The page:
The National Museum of African American Music located in Nashville, Tennessee is planning to honor multiple legends during African American Music Appreciation Month.

In a release shared with Blavity, the museum announced that it will be presenting musical icons Quincy Jones, Lionel Richie, Smokey Robinson and the Fisk Jubilee Singer with the Rhapsody & Rhythm Award during the seventh annual Celebration of Legends Benefit Concert.

The event is scheduled to take place on June 17 and will kick off a weekend of events hosted by the museum in partnership with Amazon.

“One of Amazon’s core values is to think big. We know that we can only do that when we all work together to recognize, elevate and celebrate all voices," Courtney Ross, Amazon Nashville’s senior manager of external affairs, said. “The work the museum is doing is essential to helping our wider community expand the way it thinks, and it’s an honor to be a part of it all.”

For this year's event, organizers are planning for both in-person and virtual events for fans to enjoy and to celebrate the honorees that will take place during the month previously coined Black Music Month which was started in 1979, according to the National Museum of African American History and Culture's website. 

Former President Jimmy Carter declared the month of June as Black Music Month which is still celebrated throughout the country.

“NMAAM showcases Black music excellence every day, but this year’s Black Music Month will be a special one as we celebrate the museum’s opening with phenomenal music icons and Black music fans across the world,” NMAAM President and CEO Henry Beecher Hicks III said. “We can’t wait to open our doors and share in the joy of Juneteenth weekend with our supporters, fans and a few musical legends, as well.”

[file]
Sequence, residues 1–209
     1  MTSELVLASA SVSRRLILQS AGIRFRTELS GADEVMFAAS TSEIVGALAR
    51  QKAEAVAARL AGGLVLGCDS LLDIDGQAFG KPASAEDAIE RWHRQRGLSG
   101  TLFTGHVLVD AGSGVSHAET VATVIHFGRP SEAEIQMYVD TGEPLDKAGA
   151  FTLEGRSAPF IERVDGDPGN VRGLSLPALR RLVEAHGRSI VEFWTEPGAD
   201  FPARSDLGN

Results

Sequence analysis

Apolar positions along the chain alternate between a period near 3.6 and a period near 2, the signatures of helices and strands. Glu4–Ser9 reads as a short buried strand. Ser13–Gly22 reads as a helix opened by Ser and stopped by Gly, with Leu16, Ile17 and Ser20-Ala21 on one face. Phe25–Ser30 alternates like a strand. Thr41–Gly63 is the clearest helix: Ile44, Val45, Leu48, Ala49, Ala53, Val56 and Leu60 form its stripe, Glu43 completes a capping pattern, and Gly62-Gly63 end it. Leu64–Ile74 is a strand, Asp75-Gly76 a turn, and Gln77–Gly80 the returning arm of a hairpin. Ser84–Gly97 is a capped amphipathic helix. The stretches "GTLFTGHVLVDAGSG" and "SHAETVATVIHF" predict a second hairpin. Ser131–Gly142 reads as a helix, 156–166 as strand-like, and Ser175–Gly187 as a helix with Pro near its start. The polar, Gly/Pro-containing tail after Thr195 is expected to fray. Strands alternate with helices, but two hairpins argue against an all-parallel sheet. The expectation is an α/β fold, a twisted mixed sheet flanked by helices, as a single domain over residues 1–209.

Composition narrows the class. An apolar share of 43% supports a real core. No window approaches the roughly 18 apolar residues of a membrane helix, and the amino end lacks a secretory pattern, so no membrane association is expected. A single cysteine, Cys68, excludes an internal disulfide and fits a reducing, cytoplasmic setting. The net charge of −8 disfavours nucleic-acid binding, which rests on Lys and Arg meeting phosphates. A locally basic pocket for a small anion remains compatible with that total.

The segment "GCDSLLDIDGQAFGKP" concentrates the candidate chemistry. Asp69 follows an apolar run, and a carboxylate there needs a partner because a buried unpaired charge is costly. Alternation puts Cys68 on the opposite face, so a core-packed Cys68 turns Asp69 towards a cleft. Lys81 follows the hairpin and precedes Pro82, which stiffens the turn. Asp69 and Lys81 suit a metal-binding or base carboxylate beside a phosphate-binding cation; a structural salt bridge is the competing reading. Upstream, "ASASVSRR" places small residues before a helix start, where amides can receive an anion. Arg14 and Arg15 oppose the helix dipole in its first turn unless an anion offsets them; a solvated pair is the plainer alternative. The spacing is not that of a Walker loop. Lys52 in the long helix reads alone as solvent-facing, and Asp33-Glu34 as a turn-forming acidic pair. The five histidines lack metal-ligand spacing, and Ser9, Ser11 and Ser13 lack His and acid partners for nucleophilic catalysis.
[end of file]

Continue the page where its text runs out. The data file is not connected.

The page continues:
The museum, which opened its doors on Jan. 18, is the only of its kind to celebrate the music of Black Americans and their contributions. According to the release, the museum integrates "history and interactive technology to honor the musical heroes of African American music of the past and the present."

Jones, Richie and Robinson have all been lauded for their contributions to the music industry, receiving numerous awards and recognitions. 

Jones, known for helping to kickstart the careers of notable musicians, has received an Emmy Award, seven Academy Award nominations and 28 Grammy Awards. Robinson and Richie both have careers that span over multiple decades, cementing them in American history.

Honoree The Fisk Jubilee Singers, which is comprised of vocal artists and students at Fisk University, travel and sing across the globe. The group was selected as a recipient of the National Medal of Arts in 2018 which was presented by former President George W. Bush and former First Lady Laura Bush. 

The group has also received a Dove Award and recently won an award at the 2021 Grammys. 

Other notable artists previously honored by the National Museum of African American Music include CeCe Winans, Dionne Warwick, Charlie Wilson, Donny Hathaway and George Clinton.

The museum will host additional events over the course of the weekend including a Juneteenth Block Party, Museum Dedication Ceremony and a State of Black Music Summit. Additional details of the weekend's event can be found on the museum's website